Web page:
Work stopped on the building of the mansion in 1870 and after becoming derelict was finally leased to the Woodchester Preservation Trust in 1989. The house left in its half built state, is now a great attraction for anyone studying architecture or stone masonry and of general interest on the building of a house with many rooms to explore.

The Mansion is set in a wooded valley with a chain of 5 lakes and several way- marked walks. The National Trust is gradually restoring the landscape using Jacob Sheep and Belted Galloway cattle to clear the scrub and make way for many species of flowers, insects and birds.

A lovely place to visit throughout the year.

All are welcome to our Coffee Morning and Plant Sale, details as above or on our website.



On a chilly but lovely sunny evening we were entertained by our speaker

Mr Carl Woodman while he demonstrated the making of a trug.

Trays, Trogs or Trugs have been around for many years but the Royal Sussex Trug was officially invented by Thomas Smith and given a Royal Warrant by Queen Victoria. The word probably derived from an Anglo Saxon word meaning boat shaped vessel.

A frame is made from Sweet Chestnut or Ash which is steamed to make it pliable, then inner and outer slats made from Cricket Bat Willow are dipped in boiling water then fixed with copper nails to the frame. Copper nails are used as the woods contain tannic acid which would otherwise corrode.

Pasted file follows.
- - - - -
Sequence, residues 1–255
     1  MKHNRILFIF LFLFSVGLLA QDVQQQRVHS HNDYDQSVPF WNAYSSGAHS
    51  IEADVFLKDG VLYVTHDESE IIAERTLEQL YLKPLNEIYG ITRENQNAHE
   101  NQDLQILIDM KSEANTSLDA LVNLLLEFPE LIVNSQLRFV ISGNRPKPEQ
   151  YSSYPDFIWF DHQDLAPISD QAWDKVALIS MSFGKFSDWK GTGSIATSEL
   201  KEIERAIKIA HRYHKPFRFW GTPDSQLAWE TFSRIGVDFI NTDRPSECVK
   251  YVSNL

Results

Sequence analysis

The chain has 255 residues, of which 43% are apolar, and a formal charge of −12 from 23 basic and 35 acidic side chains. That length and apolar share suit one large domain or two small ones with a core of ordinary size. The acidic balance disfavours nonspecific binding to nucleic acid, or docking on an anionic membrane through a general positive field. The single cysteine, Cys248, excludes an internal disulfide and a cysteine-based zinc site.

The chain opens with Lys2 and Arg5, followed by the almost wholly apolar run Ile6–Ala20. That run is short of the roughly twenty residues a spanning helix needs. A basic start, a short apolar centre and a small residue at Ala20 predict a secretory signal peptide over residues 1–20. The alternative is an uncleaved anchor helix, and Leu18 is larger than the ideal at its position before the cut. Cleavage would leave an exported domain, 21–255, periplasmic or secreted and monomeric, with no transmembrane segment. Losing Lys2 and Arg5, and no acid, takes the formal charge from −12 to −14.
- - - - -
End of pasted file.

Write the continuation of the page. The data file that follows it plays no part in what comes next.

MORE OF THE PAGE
The assembled trug is finished off with a wickedly sharp knife to ensure no rough edges and  simple wedge feet are nailed to the bottom for stability. A very useful vessel in the home or garden.

Mr Woodman does exhibition stalls at various County shows, and works on film sets. Highlighting War Horse, Star Wars, Emma, where he has made wooden frames to cover 20th century concrete bollards to wooden chairs for Luke Skywalker.

Karen Appleby from the Churn Project came to remind us of an event they are running - Gardeners Question Time with a panel of experts at Cirencester Baptist Church on Tuesday 14th May 7.30pm Tickets £10 to include a drink from Cirencester Town Council.

Our competition was a vase of Spring Flowers:

1st Eirwen Morgan, 2nd Pam Barnes, 3rd Maureen Jenner

Our next meeting is on Thursday 9th May  7.30pm at Stratton Village Hall. A talk on Woodchester Park by Robert Bryant, all are welcome. This is our last meeting for the season until the new season begins on Thursday 12th September 2019.


Our March meeting, was the club’s Annual Spring Bulb Show. The 17 classes, made for a very colourful and scented display and a cheerful sight on a damp evening. While judging took place, the members were given topical information of what to do in the vegetable and flower garden and exercise’s  to prevent injury. The show results are :